Crud World Domination Enterprises give you

Archie Bronson Outfit
Howling Bells


10.12.06 MEN Arena, Manchester


Reviewed by Neil Crud


If you had told me 15 years ago that in 2006 I would be taking my 13 year old daughter to watch a post-punk band in a huge arena, I would have probably hit you with my rucksack, stuck my thumb out and carried on hitch hiking around Europe. Y’see there isn’t a generation gap anymore, either that or I’m just a cool parent. As a teenager I hammered out punk music from my bedroom, much to the despair of my mother and when I had been in 4Q for a while and turned the press into an occupied zone she questioned; ‘You’re not still in that silly band are you?’
Nowadays we have kids in bands, with non-generational gap minded parents encouraging them all the way. And tonight we had kids in stripey tights, dark make-up, big boots, t-shirts and accompanying parents not looking too disimilar. When my Dad took me to see the Clash when I was 13 I think he had cordorouy trousers and a tank top on (only joking Dad!)!
By coincidence or by design I managed to drive right up to the entrance of the MEN Arena and park the Crudmobile, remembering my last visit here (to see Muse) when I was duped by the ‘Secure Car Parking’ touts and then had to walk a good mile or so to the venue, not this time; click Lock and walked up the stairs, how lucky was that!!?
I tried to give the chap behind one of the numerous bars some extrta money as I didn’t think £3.20 was enough to pay for a pint of warm Carlsberg.

Howling Bells kicked off proceedings to a half empty or half full arena and are a band with some serious backing. If you can afford to buy yourselves onto a tour with Placebo, having just toured Europe with The Killers and about to hit Australia with Snow Patrol, it’s bleedin’ obvious that someone somewhere has a bulging sack full of cash and a lot of belief in this band. They were ok, little Crudlet enjoyed them; kinda reminded me of Siouxsie & The Banshees (although I did almost nod off – its my age!)..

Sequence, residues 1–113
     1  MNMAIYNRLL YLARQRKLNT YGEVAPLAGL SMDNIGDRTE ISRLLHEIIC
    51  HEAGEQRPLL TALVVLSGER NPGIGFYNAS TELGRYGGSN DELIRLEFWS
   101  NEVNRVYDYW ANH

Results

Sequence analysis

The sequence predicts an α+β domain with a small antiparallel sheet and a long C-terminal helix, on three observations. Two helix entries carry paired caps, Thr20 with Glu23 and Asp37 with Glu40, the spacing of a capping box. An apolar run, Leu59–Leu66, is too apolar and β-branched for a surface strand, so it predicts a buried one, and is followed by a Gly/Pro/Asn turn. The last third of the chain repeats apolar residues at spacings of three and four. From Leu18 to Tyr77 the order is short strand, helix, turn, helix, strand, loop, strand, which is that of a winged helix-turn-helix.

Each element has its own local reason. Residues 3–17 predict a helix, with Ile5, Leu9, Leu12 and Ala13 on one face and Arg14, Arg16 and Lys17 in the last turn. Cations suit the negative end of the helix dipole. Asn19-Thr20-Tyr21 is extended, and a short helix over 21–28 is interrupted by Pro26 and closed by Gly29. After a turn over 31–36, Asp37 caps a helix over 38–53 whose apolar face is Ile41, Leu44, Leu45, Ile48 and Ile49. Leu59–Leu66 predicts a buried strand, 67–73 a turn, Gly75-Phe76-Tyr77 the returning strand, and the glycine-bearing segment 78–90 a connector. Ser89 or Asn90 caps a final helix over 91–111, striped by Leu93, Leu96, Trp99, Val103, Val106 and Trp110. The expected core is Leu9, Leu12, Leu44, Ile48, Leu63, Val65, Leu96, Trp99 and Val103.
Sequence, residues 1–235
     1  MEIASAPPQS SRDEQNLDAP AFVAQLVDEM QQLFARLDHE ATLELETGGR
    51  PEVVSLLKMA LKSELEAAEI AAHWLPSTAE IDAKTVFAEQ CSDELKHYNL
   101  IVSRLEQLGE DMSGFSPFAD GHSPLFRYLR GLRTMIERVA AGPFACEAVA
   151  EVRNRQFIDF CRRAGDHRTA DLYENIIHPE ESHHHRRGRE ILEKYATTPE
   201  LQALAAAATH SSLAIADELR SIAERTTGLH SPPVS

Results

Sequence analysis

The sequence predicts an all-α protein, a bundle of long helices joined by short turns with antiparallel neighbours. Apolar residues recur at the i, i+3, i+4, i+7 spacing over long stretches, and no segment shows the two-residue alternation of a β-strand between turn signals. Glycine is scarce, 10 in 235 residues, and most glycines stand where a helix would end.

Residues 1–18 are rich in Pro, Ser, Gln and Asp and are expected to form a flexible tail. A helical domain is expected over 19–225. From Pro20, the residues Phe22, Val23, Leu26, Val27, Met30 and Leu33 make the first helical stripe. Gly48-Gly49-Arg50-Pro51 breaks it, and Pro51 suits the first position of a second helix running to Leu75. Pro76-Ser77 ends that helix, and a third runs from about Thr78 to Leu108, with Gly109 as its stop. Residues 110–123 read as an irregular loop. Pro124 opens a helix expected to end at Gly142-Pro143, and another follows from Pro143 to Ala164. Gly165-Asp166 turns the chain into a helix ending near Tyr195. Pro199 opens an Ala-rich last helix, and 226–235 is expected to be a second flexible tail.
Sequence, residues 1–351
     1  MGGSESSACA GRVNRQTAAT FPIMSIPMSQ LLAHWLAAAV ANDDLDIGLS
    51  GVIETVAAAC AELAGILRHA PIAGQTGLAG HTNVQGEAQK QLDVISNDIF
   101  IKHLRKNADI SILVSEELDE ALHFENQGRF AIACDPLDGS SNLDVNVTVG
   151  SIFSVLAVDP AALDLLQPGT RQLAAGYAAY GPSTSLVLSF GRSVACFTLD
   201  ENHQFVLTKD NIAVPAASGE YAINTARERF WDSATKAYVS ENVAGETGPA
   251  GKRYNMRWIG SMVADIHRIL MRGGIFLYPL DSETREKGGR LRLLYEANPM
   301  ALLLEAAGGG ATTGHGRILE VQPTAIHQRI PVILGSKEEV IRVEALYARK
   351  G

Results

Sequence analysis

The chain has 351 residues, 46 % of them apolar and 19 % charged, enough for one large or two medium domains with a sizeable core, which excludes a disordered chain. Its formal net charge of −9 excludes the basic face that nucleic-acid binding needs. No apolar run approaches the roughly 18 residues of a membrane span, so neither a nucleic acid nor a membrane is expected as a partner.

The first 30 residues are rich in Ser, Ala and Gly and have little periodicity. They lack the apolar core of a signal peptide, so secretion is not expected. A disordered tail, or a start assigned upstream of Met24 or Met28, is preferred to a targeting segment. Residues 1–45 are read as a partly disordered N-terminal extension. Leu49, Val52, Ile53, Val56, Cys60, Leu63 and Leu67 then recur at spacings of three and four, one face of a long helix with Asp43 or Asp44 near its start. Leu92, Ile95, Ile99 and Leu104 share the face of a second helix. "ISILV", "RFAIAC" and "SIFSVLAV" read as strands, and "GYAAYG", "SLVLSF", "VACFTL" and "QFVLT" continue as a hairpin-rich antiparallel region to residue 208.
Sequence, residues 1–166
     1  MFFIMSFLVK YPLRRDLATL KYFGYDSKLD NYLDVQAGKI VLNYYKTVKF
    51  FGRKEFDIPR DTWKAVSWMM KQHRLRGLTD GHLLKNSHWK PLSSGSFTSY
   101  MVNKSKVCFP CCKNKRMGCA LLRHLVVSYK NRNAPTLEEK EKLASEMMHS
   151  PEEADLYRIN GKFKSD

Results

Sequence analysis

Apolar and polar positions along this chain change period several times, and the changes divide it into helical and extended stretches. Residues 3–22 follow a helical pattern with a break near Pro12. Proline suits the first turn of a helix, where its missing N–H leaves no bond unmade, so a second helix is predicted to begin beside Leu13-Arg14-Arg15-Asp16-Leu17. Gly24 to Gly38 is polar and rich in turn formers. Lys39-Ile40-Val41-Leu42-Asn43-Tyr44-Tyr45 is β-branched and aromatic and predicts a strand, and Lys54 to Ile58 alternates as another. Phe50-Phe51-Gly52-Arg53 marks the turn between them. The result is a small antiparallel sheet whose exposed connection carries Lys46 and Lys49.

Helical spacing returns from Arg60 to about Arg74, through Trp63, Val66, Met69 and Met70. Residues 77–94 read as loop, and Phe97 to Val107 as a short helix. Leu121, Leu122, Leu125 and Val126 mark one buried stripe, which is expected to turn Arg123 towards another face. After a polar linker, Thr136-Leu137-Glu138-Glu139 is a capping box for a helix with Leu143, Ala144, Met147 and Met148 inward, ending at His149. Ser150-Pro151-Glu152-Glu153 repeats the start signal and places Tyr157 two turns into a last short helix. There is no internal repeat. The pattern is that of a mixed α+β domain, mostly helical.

Much to my daughter’s dismay, the next band given 30 minutes to exercise their lungs were the Archie Bronson Outfit, ‘these are crap Dad.’ – I thought they were pretty good. Good enough to inspire a little further reasearch on the soon to collapse under the weight MySpace, which proved fruitless. Memory tells me they were like a dirty Beck, trashy with a bassist that played a lot of guitar and a double saxophonist (not in the Zaphod Beeblebrox style a la two heads, but with two saxes).

I’ve seen Placebo so many times that I should be on their christmas card list by now. Mention to people you’re going to see them and you’ll get one of two reactions – they’ll either hate you with envy, or they’ll say they hate the whiing voice of Brian Molko.
It happened to be his birthday – of course there was a round of ‘happy birthday’ from those that worship him so.
It is testament to the strength and depth of their ten year repertoire that they could afford to leave out songs like Pure Morning, Black Eyed, Nancy Boy, 36 Degrees, Slave To The Wage and many more! In fact the debut album was represented by Bionic and I Know. The second album by Every Me Every You and the shivering title track Without You I’m Nothing, although they have played it so many times that live it doesn’t have that same impact anymore. Album three; my favourite was delivered by Taste In Men and Special K with the rest of the set heavily depending on the latest LP ‘Meds’ and ‘Sleeping With Ghosts’. Great visuals, twelve huge screens displaying live shots inter-mingled with angst ridden looping videos. An encore of Kate Bush’s Running Up The Hill had followed a slamming  Bitterend and quite unusual was the finale of Twenty Years that led those worried about getting caught in the traffic to make a hasty retreat to the exit. Like those early leavers at a soccer match who here their home crowd roar as a late goal goes in, they missed a stunning end to this slow song as it built up to a tsunamic cresendo, sweeping the capacity crowd with a wall of sonic bliss as Molko and Steffan, on their knees, plundered the living daylights out of their guitars.



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